So that’s that. I really like the original “Buffy” movie. Obviously, it lacks the dramatic depth and rich characterization the television show would strive for. It also lacks the contrived melodrama that would sometimes make the series a chore to watch. Maybe it’s nostalgia talking but I find the film to be really funny and entertaining. Don’t let the Whedon faithful crowd turn you off it. Give 1992’s “Buffy” a shot and you may like it! [7/10]
The Sect (1991)
After watching “The Church," it only makes sense to continue on to Michele Soavi’s next film, “The Sect.” The two films have more in common then just their director. Both are religious-themed horror films. “The Church” is about a cursed church. “The Sect” is about a satanic sect. Both films share a co-writing credit with Dario Argento. In Japan, “The Sect” was even released as the fourth film in the “Demons” series, just as “The Church” was released as “Demons 3.” However, there’s one big difference. While “The Church” is well-regarded as a cult classic of Italian horror, “The Sect” has never caught on to the same degree. This may be because the film has never received a proper DVD release in the States.
In the seventies, a satanic cult led by a man named Damon murdered and sacrifice a family of hippy youths in the American desert. More then twenty years later, a school teacher named Miriam moves into a new home in the woods of Germany. After nearly hitting an old man with her car, she invites him back to her home. He uncovers a hidden room in her basement, containing a deep well of blue water. The old man dies but not before leaving a present for the woman. Soon, she begins to see and experience some very strange things. Unwillingly, Miriam has found herself at the center of an occult conspiracy.
written by three different people with ideas totally at odds with each other explains a lot. The film feels like an unfocused jumble of disconnected ideas.
Despite that, powerful images still emerge from time to time. This is still a Michele Soavi film so, naturally, it’s frequently beautiful. The director employs his trade-mark tracking shots fantastically. One instant has the camera tracking plumping inside the house all the way out to a sink faucet. Another scene follows a bug as it crawls inside someone’s body. There’s an especially effective dreams sequence. Miriam awakes in a green field, wanders towards a tree where a Christ-like person hangs, before falling backwards. Her dress suddenly stretches on endlessly, black cords crawling up it towards her body. Soavi doesn’t back away from visceral horror either. A death shroud springs to life, wrapping itself around someone’s face, strangling the life out of them. Later, a dead body leaps up, suddenly, violently attacking someone. An attacker does not let go of a moving vehicle, stabbing at the driver even as he’s dragged along. Probably the most disturbing moment in “The Sect” involves hooks meticulously being inserted into a victim’s face, climaxing with her skin being torn away. Soavi shoots all of it expertly, lending the carnage a certain art. Each sequence is calculated to be as unnerving as possible.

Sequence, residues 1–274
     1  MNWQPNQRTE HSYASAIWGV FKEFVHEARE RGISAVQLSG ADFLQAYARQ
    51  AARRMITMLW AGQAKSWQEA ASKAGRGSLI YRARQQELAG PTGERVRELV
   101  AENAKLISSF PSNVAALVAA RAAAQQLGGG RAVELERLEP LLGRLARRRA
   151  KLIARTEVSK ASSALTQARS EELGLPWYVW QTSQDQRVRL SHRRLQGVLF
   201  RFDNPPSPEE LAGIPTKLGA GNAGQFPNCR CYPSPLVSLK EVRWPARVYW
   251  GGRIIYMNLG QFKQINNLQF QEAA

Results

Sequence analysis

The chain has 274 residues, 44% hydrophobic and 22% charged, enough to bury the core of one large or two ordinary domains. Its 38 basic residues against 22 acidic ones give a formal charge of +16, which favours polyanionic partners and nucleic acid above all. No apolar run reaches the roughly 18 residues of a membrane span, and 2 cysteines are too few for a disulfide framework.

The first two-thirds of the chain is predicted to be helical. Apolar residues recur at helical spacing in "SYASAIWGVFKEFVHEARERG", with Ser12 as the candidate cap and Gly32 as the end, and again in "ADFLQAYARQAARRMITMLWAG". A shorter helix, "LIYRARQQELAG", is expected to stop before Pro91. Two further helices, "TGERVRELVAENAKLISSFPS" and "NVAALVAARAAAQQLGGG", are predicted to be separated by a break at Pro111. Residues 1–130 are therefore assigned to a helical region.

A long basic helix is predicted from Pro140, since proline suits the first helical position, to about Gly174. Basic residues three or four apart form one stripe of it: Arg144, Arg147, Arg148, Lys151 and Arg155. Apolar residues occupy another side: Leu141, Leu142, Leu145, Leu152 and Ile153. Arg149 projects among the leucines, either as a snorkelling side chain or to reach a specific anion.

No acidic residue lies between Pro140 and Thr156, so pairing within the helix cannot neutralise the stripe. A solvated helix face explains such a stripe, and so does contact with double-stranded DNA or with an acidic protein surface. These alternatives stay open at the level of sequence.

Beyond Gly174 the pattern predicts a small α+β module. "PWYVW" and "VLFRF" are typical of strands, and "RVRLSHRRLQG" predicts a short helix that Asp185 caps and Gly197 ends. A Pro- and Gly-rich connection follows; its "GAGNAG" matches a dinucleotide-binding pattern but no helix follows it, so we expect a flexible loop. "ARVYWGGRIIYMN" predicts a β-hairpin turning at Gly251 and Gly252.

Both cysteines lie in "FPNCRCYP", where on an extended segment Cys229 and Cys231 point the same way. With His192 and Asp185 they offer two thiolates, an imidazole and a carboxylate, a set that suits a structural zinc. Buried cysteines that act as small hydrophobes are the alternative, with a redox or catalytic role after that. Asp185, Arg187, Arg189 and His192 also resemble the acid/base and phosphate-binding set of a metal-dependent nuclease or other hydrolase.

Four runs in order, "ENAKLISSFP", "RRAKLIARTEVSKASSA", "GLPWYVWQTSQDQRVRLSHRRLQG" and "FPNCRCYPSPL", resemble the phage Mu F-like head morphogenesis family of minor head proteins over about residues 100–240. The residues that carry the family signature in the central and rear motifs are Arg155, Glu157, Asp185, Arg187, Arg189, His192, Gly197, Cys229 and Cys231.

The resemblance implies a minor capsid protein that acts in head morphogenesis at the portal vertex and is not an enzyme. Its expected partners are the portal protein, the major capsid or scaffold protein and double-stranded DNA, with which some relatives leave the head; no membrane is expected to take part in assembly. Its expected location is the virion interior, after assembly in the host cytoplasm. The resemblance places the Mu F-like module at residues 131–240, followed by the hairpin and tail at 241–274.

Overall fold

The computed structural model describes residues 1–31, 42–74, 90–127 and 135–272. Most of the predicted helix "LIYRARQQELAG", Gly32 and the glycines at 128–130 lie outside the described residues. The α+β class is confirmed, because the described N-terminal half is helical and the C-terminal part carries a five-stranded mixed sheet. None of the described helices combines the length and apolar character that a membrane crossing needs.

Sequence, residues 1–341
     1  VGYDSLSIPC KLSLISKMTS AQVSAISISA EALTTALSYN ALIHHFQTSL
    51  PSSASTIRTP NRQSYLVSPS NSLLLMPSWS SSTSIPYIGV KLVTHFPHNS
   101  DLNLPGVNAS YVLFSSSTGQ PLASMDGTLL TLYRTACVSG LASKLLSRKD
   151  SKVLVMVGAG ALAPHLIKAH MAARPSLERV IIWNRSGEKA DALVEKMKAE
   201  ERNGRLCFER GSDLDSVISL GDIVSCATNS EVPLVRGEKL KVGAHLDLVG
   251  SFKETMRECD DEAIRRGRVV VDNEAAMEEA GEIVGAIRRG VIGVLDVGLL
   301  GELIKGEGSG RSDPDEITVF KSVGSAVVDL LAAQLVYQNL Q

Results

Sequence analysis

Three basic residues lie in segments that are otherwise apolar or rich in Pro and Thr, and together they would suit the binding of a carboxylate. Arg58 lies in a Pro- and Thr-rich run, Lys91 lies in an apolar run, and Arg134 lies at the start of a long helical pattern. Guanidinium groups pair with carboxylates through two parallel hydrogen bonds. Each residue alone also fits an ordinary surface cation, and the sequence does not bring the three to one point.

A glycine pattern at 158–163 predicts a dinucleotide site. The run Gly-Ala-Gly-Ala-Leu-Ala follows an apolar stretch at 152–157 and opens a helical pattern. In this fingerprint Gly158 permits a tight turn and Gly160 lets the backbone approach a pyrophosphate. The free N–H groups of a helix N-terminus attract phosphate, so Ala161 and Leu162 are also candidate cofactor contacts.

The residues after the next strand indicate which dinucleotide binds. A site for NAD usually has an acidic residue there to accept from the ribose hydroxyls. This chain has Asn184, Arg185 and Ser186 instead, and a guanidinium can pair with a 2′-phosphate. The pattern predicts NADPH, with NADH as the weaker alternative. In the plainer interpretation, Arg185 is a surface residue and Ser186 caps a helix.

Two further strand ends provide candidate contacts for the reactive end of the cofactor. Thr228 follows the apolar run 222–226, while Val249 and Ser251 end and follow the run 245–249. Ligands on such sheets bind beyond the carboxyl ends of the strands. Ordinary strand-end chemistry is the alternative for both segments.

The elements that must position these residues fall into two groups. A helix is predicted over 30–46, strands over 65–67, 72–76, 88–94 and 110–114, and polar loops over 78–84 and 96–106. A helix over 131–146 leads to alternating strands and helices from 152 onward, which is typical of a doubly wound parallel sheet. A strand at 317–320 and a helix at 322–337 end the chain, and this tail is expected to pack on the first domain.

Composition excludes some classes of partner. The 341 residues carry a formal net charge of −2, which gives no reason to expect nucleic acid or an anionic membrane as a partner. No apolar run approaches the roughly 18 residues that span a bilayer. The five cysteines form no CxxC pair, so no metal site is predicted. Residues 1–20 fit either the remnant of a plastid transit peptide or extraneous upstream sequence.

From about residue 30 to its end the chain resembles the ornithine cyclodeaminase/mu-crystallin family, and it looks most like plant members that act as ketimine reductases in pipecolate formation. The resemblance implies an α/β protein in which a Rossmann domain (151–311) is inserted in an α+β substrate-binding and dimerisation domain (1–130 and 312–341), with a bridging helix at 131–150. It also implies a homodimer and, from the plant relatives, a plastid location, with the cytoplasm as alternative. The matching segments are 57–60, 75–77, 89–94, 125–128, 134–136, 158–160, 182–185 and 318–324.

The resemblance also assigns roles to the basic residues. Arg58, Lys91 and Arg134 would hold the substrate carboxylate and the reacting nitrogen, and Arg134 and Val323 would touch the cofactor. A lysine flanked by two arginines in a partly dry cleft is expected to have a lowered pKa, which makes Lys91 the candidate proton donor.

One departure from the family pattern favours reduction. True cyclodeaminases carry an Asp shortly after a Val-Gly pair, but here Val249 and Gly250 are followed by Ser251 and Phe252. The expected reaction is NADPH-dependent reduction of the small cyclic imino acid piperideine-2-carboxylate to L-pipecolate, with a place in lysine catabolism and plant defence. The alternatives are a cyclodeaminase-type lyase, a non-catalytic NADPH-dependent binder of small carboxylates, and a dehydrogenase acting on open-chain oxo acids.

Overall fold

child-like innocence and pagan fertility. (One amusingly bizarre scene has the rabbits flicking through TV channels with a remote.) The satanic cult, meanwhile, is associated with beetles that crawl inside people’s heads, laying worms in their brain. Miriam’s water turns blue after the cult messes with it, gross slime floating inside it. In the movie’s weirdest turn, a hook-billed crane symbolizes the devil. This builds towards a scene where – I’m not kidding here – Miriam is raped by the bird. Some of these symbols have more easily understood meanings then others. That Soavi was willing to pack a story that wasn’t much more then a “Rosemary’s Baby” rip-off with such symbols speaks positively of him. What it all means exactly is another story entirely.
The performances are quite good. Even while dubbed, it’s clear that Kelly Curtis and Herbert Lom are solid actors. The film has no shortage of memorable sequences, it’s well shot, and the music is good. Despite everything it has going for it, “The Sect” never collects into a fully satisfying whole. This is most apparent in its baffling, non-sequitur ending. For his next movie, Soavi would stop collaborating with Dario Argento. In retrospect, maybe he should’ve ended the partnership sooner. [6/10]
The Queen of Spades (1949)
The horror genre can lead in all sorts of unexpected directions. This late in October, I wouldn’t expect to be watching a movie based off the works of Alexander Pushkin, the most respected of Russian poets. But here we are. Many critics list ‘The Queen of Spades” as a notable, landmark ghost story. The story’s literary roots are evident in its other adaptations. There have been three Russian adaptations and the story has inspired two operas. Yet the 1949 film version is regarded as the best.
In the eighteen hundreds, the card game of Faro has become very popular among soldiers in the Russian army. Herman Suvorin is very serious about his gambling and hopes to make it rich playing cards. In a book of occult writing, he reads about an old countess who sold her soul to the devil in exchange for never loosing at cards. Locating the old woman, Herman devises a plan to seduce the countess’ ward, in order to get close to the old woman and learn her secret.